DPU’s Giovanna Astolfo presents the research report 'Unsettling Integration'
20 November 2020
The report, co-produced with Jonah Rudlin and Hanadi Samhan, is the result of an eight-month research into the diversity of responses to migration across nine European urban spaces. The research is funded by the Asylum, Migration and Integration fund
Research on migration and integration today in Europe especially occurs within a discourse that is pervaded by racism hard to avoid. Integration has failed, both as a political way to describe the process of inhabitation, and as a research concept to understand such processes.
By exposing the epistemological violence of migranticised language and developing alternative concepts and frameworks delinked from structures of power and privilege, our research attempts to move away from a rigid, obsolete and colonial notion of integration, to embrace the idea of inhabitation as a relational practice constituted by transformative formal and informal encounters between displaced people, places, institutions and services that are developed to endure and maintain life. Inhabitation is ultimately the result of complex daily strategies of learning, navigating and governing the city.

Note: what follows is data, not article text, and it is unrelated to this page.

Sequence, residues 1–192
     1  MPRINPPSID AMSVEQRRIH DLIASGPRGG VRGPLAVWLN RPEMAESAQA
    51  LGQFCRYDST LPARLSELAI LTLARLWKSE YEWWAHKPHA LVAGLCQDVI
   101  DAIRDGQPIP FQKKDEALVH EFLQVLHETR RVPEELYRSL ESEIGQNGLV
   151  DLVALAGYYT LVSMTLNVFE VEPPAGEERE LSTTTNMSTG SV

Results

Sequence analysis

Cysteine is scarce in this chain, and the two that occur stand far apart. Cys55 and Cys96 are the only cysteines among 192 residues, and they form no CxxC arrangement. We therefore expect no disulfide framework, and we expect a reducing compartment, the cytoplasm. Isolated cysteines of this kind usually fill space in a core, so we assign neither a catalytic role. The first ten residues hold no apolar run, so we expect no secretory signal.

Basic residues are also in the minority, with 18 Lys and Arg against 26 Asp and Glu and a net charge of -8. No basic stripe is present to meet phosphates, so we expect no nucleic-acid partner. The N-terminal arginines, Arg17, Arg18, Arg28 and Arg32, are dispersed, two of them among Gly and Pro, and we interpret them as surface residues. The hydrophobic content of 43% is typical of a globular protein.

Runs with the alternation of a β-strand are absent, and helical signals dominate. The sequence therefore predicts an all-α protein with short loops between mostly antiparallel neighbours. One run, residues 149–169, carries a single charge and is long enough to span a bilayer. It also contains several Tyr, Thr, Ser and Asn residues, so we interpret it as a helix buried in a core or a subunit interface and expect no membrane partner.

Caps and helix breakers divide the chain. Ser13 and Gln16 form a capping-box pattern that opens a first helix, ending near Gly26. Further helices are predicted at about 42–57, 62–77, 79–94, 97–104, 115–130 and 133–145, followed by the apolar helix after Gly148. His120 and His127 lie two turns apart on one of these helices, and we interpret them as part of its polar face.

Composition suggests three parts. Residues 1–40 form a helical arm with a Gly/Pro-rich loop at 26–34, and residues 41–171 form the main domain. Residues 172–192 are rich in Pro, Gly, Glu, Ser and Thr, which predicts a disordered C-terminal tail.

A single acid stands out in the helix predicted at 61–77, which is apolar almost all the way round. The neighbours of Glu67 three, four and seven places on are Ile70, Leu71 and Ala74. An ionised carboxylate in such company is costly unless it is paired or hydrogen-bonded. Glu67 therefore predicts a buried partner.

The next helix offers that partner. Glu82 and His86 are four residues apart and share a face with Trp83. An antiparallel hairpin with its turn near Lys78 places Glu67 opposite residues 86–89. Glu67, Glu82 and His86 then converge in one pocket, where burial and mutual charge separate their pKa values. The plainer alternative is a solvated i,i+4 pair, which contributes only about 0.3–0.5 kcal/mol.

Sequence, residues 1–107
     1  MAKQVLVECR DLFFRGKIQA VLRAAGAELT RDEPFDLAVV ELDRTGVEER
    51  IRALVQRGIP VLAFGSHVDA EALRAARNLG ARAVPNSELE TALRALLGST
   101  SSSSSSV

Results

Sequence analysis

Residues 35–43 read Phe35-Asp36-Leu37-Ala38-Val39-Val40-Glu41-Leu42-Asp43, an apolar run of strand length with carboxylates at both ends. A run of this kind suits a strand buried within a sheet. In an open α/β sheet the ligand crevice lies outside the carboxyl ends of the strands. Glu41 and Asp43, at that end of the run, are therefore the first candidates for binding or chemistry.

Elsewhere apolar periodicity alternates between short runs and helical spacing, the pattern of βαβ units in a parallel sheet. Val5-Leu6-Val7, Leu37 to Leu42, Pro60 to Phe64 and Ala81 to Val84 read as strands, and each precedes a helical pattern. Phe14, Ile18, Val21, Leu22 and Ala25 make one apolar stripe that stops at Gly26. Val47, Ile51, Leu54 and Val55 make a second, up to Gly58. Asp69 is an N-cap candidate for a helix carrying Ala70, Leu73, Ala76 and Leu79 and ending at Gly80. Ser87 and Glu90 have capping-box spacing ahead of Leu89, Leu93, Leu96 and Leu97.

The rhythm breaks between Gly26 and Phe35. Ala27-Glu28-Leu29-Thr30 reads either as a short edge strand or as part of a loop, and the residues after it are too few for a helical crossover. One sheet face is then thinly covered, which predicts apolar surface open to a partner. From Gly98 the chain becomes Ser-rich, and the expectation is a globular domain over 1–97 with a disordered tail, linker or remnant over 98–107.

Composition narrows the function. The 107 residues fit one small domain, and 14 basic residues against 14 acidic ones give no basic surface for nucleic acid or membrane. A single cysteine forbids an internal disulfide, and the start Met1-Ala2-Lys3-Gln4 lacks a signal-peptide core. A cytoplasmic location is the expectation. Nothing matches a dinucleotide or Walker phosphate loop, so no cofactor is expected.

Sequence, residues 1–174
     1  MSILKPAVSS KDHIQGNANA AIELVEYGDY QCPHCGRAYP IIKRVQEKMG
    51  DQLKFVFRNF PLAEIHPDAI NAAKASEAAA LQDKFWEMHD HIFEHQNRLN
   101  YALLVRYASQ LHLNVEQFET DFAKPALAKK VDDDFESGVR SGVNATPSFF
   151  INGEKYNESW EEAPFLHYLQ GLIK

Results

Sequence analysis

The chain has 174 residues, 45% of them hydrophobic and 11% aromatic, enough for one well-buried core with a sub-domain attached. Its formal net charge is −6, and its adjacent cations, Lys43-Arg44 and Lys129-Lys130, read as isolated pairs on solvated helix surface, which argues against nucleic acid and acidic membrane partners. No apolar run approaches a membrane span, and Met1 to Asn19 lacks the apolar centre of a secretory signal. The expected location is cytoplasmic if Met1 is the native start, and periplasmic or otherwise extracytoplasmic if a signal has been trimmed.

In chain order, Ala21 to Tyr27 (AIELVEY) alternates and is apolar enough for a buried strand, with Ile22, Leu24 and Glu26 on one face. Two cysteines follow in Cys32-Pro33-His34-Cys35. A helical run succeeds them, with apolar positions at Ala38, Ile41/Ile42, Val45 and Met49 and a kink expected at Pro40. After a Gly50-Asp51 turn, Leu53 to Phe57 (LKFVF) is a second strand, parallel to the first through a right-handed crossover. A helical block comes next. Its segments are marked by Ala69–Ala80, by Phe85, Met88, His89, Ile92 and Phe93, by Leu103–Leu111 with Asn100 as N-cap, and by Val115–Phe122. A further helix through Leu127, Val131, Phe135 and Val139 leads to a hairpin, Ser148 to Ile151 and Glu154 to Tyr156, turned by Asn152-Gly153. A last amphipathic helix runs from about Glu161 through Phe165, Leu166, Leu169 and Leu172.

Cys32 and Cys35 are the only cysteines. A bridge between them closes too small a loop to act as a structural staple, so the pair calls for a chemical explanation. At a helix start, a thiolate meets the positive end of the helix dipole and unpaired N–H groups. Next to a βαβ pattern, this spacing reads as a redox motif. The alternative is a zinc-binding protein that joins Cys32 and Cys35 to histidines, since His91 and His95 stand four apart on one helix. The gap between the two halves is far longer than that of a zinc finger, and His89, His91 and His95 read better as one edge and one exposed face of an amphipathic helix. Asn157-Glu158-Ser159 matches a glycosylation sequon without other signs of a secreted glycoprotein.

Such an understanding enabled us to shift our focus onto the historical and present experiences of those who ‘have to integrate’, recognizing the centrality of urban inhabitants, including migrants’ and refugees’ own assessments.
In collaboration with 18 organizations across nine cities, we have listened and collected people’s accounts of practices – amidst improvisation, precarity, alternative scripts of citizenship and how state rules are negotiated. 700 urban inhabitants, from the metropolitan area of Lisbon to the port city of Gdanks, and from the postindustrial city of Oberhausen to the island of Sardinia have helped us to understand the multiple registers given to the word integration ultimately challenging it, and moving beyond the state as privileged unit of analysis.
The engagement unfolded via online surveys, phone interviews, storytelling and participatory photography The unsettling Integration Research Report summarises the findings from those surveys and interviews, and reflects on the methodology used. The report is also the baseline for the definition of the capacity building, learning exchange and pilot activities that the EPIC consortia will implement in the next 2 years. The report will be made publicly available later in December.